Signs lean towards Dublin playing Meath in Leinster women’s football final

A double-header with the men’s Leinster final could ensure a larger attendance

Sinéad Aherne knows well the dangers of looking past the next game and still all the signs already are that Dublin will play Meath in the Leinster women’s football final.

That game is already down as a double-header in Croke Park, along with the men’s final on Saturday, May 28th, and after beating Westmeath 6-23 to 0-4 in their opening game last weekend, Dublin look certain to at least have representation in the women’s final.

They play Meath in round two in Parnell Park this Saturday (7pm), the team that beat them in last year’s All-Ireland final, before Dublin beat them in the league, and for Aherne, a former Dublin captain, there is value in that game even if they will likely meet again soon and possibly later again.

“It’s Meath’s first game in Leinster, they obviously still have to play Westmeath,” she says. “We have done what we can in our first match, looking forward to playing Meath. To get another chance to play against their style and their system is a pretty useful exercise for us.


“Again I am conscious that Meath and Westmeath still have to play. If Meath are successful in that and we end up playing each other again in a Leinster final I don’t know if everyone will throw the kitchen sink at it on the weekend.

“We played each other in the early rounds of the league knowing there was a chance we could meet again, either in the league or certainly down the line in championship, and I don’t think either team held back on the day. It was a pretty good game so I expect the same at the weekend.”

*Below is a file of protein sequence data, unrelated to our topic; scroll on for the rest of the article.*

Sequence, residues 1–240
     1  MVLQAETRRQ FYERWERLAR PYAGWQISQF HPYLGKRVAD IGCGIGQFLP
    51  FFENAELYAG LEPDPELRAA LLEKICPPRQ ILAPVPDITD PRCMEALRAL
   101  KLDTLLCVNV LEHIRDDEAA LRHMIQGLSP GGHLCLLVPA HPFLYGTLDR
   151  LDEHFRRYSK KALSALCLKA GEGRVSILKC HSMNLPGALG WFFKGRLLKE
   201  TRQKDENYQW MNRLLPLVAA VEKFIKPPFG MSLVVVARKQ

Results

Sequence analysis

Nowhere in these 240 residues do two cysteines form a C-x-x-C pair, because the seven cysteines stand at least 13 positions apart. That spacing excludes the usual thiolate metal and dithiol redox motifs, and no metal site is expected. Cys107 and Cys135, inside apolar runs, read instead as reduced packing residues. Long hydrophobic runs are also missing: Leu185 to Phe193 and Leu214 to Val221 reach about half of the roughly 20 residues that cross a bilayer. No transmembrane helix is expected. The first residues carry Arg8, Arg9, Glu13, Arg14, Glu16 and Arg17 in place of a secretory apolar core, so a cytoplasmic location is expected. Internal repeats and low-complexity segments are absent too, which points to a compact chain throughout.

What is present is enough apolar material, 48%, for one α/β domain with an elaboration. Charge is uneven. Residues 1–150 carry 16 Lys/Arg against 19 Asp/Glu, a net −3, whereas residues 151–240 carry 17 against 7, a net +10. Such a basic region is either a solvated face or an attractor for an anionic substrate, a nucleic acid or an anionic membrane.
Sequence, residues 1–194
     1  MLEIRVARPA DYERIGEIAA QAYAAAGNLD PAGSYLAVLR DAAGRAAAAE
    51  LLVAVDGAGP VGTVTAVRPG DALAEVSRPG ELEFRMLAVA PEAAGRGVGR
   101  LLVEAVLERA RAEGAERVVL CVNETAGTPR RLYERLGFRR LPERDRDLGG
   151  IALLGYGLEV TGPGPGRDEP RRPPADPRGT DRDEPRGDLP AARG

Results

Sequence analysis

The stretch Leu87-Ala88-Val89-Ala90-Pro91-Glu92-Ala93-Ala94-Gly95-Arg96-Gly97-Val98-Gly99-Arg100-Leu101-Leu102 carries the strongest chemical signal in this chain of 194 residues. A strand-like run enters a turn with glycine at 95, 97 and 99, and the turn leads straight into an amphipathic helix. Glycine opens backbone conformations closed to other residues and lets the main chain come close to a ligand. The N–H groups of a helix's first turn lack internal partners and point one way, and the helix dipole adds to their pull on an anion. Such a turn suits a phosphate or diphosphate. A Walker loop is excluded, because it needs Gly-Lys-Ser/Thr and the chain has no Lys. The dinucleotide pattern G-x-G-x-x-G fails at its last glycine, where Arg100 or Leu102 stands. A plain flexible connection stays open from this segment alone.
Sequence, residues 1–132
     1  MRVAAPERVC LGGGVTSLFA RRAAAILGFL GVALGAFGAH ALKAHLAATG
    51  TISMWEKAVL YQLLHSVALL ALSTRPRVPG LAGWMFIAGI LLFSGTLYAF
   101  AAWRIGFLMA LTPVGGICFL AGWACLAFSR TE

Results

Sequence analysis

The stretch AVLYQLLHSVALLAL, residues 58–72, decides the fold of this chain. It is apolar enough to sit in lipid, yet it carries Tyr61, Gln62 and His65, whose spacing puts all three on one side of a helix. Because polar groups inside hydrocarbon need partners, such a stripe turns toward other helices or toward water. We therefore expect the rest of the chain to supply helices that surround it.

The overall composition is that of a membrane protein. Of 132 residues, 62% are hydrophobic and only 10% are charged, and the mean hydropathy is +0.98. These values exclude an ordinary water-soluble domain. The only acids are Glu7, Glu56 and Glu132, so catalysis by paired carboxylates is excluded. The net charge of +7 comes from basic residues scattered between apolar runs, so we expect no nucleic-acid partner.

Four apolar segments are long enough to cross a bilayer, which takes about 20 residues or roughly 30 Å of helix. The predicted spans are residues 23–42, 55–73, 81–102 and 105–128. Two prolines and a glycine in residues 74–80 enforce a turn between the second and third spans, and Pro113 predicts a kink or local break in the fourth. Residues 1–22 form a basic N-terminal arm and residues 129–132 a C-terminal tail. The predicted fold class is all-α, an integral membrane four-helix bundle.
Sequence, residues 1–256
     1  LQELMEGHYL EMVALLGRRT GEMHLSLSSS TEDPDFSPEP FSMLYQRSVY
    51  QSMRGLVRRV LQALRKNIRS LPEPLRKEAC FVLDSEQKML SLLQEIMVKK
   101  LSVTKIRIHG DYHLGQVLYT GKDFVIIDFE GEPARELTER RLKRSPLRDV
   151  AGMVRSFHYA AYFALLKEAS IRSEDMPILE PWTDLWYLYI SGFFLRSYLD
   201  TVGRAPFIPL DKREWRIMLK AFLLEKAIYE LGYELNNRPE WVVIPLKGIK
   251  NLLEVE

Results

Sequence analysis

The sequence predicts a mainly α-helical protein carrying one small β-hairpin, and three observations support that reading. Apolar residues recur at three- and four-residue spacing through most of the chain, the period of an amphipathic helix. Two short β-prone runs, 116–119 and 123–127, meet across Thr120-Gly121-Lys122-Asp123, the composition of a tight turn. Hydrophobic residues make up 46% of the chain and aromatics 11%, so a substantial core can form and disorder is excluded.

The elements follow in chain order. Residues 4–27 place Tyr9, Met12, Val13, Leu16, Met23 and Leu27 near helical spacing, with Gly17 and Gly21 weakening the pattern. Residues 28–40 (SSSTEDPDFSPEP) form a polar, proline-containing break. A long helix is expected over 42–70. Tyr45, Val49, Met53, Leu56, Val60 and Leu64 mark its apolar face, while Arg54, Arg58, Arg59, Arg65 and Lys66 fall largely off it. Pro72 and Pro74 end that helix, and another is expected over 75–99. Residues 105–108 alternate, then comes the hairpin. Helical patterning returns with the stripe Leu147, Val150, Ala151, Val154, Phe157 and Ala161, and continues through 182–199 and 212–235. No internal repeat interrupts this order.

“For us to be playing a championship game in Parnell Park in the evening there should be a great atmosphere and hopefully it would be good to see a good crowd come out.”


The double-header with the men’s Leinster final will help ensure a larger attendance, and for Aherne that makes sense in the short term.

“It goes back to the question of where we see the game going in terms of attendances. You’d hope I suppose we’d get to a point where we’re able to reach attendances without being on the same day, and we’re obviously not there yet.

“One of the ways to grow that is to have those matches, particularly if you’ve got two sets of teams on both sides, that certainly adds a bit of flavour to it...One of the things we’re always thinking about is what the venue is going to be and being guaranteed a top-class venue, guaranteed a good atmosphere can hopefully add something to the game. It will hopefully be a special day to go and claim a bit of silverware.”

Ian O'Riordan

Ian O'Riordan

Ian O'Riordan is an Irish Times sports journalist writing on athletics